Food Storage Sourdough Bread

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Food Storage Sourdough Bread

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The pandemic caught me unprepared in many ways. I did not expect to run out of flour or yeast. I regularly bake rolls, muffins, cookies, and other treats several times a week. Just a day before New York shut down, I was at my local wholesale club stocking up on freezer items and canned goods, but could not find yeast or flour. The flour and yeast shortage was real and lasted for months in New York. Sourdough bread recipes started to circulate and I realized it was time to break out our food storage. As a member of the Church of Jesus Christ of Latter-day Saints, I have approximately a year's worth of dry canned whole wheat in my basement. My husband started the sourdough starter. As a the scientist in our family, I figured he would be up to the challenge of experimenting with a starter. After two weeks of tending his starter, he pulled out the wheat grinder. The grinder loudly screamed through the house as a fine flour sifted through the blades. A warm, homey smell settled in the kitchen. Then, he set about making the bread--a twenty-four hour affair. The tang of the starter smelled promising. The last hour of baking we smelled the rich smell of the bread baking in the hot oven. When he pulled it out, we could hardly wait to taste it. The jagged dark crust had the hallmarks of an artisanal loaf of bread. It smelled so good, earthy and hearty. After it cooled, he sliced the bread, cracking through the rough crust into the perfectly textured inside. The flavor was perfectly tangy, with a gorgeous whole wheat texture. Before the pandemic, my husband worked long hours at his lab and would never have had the time to make a loaf of bread that required so many steps and 24 hours. And before, we never had the need to make a starter or to use our food storage wheat.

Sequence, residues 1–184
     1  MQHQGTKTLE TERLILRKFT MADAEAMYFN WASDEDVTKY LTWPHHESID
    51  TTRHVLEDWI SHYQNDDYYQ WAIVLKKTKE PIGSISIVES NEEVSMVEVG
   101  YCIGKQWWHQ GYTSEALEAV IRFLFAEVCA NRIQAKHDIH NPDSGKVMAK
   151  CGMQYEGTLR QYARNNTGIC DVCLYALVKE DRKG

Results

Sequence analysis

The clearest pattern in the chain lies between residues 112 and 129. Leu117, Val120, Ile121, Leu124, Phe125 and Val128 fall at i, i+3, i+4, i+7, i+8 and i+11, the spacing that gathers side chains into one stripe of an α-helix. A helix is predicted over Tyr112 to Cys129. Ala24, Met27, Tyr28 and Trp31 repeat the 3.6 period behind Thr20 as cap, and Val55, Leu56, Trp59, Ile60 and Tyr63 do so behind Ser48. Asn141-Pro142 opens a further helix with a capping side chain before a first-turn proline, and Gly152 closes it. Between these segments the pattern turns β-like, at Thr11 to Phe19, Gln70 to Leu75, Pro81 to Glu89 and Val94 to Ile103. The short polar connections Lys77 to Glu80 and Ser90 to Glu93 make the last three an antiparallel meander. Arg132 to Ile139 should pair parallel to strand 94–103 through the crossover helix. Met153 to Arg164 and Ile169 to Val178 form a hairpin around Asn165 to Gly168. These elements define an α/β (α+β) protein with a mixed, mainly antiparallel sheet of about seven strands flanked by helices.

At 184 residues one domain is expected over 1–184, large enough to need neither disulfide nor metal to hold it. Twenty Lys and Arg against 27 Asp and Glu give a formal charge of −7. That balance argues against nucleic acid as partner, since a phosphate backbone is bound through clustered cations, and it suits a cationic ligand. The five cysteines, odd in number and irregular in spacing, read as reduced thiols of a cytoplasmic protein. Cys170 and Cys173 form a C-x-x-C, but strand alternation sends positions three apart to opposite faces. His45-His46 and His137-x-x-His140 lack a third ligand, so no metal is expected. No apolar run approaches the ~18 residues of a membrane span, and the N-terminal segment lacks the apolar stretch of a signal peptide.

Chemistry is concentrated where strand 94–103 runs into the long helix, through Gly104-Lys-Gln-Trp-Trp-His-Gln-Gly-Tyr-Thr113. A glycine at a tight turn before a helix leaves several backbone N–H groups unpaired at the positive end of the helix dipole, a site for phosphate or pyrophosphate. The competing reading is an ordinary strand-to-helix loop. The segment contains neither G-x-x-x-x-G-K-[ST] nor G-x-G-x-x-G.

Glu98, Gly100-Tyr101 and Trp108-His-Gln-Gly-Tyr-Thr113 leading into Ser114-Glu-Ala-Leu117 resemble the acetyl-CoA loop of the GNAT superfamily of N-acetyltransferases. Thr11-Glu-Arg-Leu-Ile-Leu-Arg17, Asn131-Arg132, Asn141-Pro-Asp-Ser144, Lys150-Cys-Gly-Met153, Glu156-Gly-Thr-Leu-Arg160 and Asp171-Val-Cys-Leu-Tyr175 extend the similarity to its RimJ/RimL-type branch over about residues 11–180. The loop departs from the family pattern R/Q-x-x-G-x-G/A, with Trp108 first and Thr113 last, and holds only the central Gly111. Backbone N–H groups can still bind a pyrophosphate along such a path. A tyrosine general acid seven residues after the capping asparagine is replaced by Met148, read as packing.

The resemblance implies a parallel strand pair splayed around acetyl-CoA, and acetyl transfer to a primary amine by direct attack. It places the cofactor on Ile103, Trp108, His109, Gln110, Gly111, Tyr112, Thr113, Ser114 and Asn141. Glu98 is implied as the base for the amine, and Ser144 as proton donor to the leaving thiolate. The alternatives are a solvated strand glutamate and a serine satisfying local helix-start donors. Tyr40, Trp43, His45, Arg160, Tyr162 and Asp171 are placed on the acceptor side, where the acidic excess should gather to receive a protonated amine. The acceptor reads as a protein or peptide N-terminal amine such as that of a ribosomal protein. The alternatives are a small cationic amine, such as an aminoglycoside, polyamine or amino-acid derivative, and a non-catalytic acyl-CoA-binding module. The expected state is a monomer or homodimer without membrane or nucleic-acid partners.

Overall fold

Photograph of homemade sourdough whole wheat bread

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This item was submitted on October 12, 2020 by Tiffany Wacaser using the form “Share Your Story” on the site “A Journal of the Plague Year”:

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